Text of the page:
- Write your first tweet… Your first tweet should be a cocktail of counterintuitive insight + tiny bit of evidence + cliffhanger.
- … then include a serious insight in the second-to-last tweet. This can be a summary of your thread, a hard-hitting insight, or something else. Whatever it is, it should be really damn good.
If you’re using a CTA as your last tweet, that’s totally OK. But make sure your first and second-to-last tweets are the best ones in the thread.
This is deep Twitter theory, and Matt Heytens details this concept very well in an essay he recently posted on… well, Twitter. If you’re getting into Twitter threads, it’s worth reading the whole thing.
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MICROSOFT: It’s not what you drive… it’s how you sell it. Microsoft just extended their beta ad experience to advertisers all over the world and added additional ad placements.
GOOGLE: Did planning spring break just get easier? Google announced new tools for helping hotels connect with people who love to travel. Here are the details.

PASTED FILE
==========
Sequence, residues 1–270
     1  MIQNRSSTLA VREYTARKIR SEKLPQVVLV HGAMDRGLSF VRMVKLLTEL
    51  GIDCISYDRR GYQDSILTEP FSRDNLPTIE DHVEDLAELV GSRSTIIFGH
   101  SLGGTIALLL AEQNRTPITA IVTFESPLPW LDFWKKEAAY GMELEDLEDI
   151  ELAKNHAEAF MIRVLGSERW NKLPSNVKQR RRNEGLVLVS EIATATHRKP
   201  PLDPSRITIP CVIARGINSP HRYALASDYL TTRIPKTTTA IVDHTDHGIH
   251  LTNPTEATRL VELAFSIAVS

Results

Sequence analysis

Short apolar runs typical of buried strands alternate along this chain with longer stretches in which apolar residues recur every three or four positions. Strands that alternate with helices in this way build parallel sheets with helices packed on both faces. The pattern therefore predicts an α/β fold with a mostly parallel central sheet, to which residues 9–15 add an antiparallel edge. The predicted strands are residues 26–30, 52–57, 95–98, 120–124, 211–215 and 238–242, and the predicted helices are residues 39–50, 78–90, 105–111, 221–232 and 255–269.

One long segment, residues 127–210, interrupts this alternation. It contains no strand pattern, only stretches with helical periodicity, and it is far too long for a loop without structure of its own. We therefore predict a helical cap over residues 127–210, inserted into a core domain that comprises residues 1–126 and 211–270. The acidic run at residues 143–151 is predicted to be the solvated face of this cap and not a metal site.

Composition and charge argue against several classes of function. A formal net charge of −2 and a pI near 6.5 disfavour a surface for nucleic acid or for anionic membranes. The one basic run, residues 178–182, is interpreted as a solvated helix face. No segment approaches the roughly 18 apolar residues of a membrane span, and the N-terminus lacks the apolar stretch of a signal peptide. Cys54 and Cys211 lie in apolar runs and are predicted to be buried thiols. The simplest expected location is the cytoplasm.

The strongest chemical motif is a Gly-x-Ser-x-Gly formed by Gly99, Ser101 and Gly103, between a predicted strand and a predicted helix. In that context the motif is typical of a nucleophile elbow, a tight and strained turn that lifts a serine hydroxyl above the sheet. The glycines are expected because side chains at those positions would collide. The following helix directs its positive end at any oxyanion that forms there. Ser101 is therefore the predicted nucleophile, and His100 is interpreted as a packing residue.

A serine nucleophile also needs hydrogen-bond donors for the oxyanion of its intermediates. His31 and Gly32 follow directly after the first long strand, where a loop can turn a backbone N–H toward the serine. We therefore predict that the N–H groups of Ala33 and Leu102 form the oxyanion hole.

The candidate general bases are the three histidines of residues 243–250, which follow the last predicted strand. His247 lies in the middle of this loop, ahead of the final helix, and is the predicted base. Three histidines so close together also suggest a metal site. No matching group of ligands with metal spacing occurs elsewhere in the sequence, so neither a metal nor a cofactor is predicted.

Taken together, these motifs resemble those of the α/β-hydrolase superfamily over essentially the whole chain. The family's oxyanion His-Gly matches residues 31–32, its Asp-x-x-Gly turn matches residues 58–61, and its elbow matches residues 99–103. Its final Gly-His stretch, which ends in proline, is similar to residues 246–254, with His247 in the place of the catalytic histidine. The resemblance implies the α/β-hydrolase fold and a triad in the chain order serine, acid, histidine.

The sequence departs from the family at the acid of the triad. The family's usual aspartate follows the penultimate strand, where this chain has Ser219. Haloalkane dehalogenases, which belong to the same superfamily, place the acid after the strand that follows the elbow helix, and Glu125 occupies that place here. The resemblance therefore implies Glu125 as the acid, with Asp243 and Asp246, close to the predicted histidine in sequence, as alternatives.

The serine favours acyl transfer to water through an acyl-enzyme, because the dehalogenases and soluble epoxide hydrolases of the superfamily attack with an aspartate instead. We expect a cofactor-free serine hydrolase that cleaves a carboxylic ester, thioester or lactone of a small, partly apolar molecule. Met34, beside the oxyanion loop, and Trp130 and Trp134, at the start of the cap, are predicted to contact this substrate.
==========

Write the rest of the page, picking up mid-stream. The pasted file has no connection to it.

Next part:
INFLUENCER MARKETING: Seems creator-driven marketing campaigns are only getting more and more popular. 52% of brands said they’ve expanded their creator marketing teams accordingly.
FACEBOOK: Fake it ‘til you… get sued by Meta? The platform filed a lawsuit against Chad Taylor Cowan for breach of terms and fraudulent company reviews.
E-COMMERCE: $73.3B. That’s how much consumers spent buying groceries online in 2020. It’s a huge e-commerce category, and it’s growing. Because let’s be real… grocery pickup is a gamechanger.
GOOGLE: Missed the Google for Games Developer Summit? You can catch up here. Google’s releasing new ad formats for advertisers. Exciting stuff—but maybe consider getting GA4 squared away before you try them.
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You throw away the outside and cook the inside. Then you eat the outside and throw away the inside. What do you eat?
You can find the answer here.
Cool tech, (funny) business, lifestyle and all the other things marketers like to chat about while sipping cocktails by the pool.
Did Spotify just get a stadium?
Anyone else remember when the Lakers arena was renamed Crypto.com arena?
Well, FC Barcelona just shook hands on a deal with Spotify… and apparently it includes renaming the stadium to “Spotify Camp Nou.”
There’s more: Both the men’s and women’s teams will also start wearing the platform’s logo on their shirts.
We’re still trying to get our own stadium deal. Ours will include projecting the Stacked Marketer logo, Batman-style, onto the sky.
Will let you know when it works out.